The experienced eye of the koi breeder looks for more than colors and patterns in the young fish that conform as closely as possible to the standards. It’s also important that these colors and patterns remain stable as the fish grows, which means breeding top-quality fish that already exhibit the best qualities in order to have the best possible gene pool to start with.

You can easily pay hundreds, even thousands of dollars for the best quality koi, but you probably don’t want to do this even if you can afford to. After all, until you have some experience keeping koi you always run the risk of the fish becoming ill and dying, or jumping out of the pond and dying, or being captured by a predator. Koi are hardy, but pond keepers new to koi can sometimes make mistakes the fish won’t survive.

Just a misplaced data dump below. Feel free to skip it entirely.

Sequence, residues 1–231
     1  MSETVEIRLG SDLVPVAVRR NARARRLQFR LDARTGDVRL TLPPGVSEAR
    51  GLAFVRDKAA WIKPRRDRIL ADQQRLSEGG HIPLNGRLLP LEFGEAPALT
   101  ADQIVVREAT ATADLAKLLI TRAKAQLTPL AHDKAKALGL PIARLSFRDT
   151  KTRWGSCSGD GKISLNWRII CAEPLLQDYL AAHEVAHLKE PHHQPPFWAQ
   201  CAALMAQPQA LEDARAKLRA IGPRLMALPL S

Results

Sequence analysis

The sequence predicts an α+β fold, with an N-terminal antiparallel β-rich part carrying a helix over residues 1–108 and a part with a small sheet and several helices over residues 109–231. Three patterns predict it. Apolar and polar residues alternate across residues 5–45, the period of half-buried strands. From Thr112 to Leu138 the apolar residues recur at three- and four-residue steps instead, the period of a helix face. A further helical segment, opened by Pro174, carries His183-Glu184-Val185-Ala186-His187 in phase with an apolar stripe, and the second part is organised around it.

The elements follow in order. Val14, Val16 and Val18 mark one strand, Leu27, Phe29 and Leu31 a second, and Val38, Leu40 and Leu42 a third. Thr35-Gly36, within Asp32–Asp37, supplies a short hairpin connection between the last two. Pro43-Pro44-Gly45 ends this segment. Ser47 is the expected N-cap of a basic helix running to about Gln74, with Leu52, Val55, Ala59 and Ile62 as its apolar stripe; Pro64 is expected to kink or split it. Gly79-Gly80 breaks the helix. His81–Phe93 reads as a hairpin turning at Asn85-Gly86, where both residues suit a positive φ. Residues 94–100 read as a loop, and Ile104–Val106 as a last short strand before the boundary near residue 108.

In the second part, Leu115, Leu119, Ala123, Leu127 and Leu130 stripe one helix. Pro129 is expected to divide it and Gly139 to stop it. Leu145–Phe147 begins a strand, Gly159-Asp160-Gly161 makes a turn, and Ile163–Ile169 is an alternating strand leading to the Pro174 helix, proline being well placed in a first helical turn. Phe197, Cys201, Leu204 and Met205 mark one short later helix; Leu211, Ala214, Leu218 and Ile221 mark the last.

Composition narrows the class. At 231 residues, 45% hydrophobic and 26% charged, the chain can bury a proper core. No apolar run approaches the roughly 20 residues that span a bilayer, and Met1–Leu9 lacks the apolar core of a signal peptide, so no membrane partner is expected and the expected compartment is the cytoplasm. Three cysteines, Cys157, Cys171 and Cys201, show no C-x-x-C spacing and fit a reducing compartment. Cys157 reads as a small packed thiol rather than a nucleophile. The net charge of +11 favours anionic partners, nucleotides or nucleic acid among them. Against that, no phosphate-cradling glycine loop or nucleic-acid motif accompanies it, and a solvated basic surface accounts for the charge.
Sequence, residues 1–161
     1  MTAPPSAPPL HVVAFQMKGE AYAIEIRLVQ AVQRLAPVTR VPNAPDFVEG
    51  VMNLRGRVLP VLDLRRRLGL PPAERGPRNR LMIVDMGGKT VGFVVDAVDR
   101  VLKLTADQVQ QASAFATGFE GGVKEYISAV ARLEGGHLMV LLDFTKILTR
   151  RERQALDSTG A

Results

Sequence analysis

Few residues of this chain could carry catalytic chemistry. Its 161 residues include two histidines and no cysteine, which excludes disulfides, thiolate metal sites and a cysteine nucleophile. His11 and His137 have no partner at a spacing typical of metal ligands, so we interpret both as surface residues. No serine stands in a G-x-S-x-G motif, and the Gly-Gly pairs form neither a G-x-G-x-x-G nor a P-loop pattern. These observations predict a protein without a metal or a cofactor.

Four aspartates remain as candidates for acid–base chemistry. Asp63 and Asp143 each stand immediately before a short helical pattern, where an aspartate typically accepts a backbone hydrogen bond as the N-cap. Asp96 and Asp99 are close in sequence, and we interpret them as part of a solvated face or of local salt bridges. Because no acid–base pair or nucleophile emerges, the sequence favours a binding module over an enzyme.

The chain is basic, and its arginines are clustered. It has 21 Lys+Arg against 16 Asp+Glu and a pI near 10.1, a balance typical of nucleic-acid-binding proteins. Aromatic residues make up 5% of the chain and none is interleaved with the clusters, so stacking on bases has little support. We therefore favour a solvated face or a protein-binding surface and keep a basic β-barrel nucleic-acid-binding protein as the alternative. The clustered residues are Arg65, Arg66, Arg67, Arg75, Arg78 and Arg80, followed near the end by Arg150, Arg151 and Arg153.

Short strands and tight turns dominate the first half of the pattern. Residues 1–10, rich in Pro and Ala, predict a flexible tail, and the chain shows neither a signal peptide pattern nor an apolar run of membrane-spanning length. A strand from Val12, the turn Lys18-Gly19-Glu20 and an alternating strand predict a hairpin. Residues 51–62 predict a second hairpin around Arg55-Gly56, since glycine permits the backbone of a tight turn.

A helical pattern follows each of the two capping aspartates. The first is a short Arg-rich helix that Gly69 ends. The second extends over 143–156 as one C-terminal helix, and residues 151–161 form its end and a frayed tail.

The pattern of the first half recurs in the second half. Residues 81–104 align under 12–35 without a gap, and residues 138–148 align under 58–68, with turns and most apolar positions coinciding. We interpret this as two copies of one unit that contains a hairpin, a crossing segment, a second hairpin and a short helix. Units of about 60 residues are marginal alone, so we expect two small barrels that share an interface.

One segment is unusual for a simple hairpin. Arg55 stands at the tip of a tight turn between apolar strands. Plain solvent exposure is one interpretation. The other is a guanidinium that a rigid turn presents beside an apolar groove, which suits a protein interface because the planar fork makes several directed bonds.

The secret is to buy koi of fairly good quality that are quite small. The prices for these fish can be as little as $30 to $50. You do take some risk that the colors and patterns may change over time as the fish grows, but the odds are more in your favor with these better quality koi. This means buying koi from a breeder, a specialty water garden retailer, or even by mail from a reputable dealer — keeping in mind that air freight is costly.

When buying koi for a pond, the saying “too much of a good thing” takes on new meaning. Overcrowding a pond with koi accounts for perhaps 90 percent of all health problems with the fish. No amount of filtration can prevent the inevitable decline in water quality that will occur when there are simply too many fish in too little water with insufficient surface area. Filtration only slows down the process. The use of filtration allows increased stocking densities, but relying on filtration comes at a price — literally.

Overcrowding a pond with koi accounts for perhaps 90 percent of all health problems with the fish.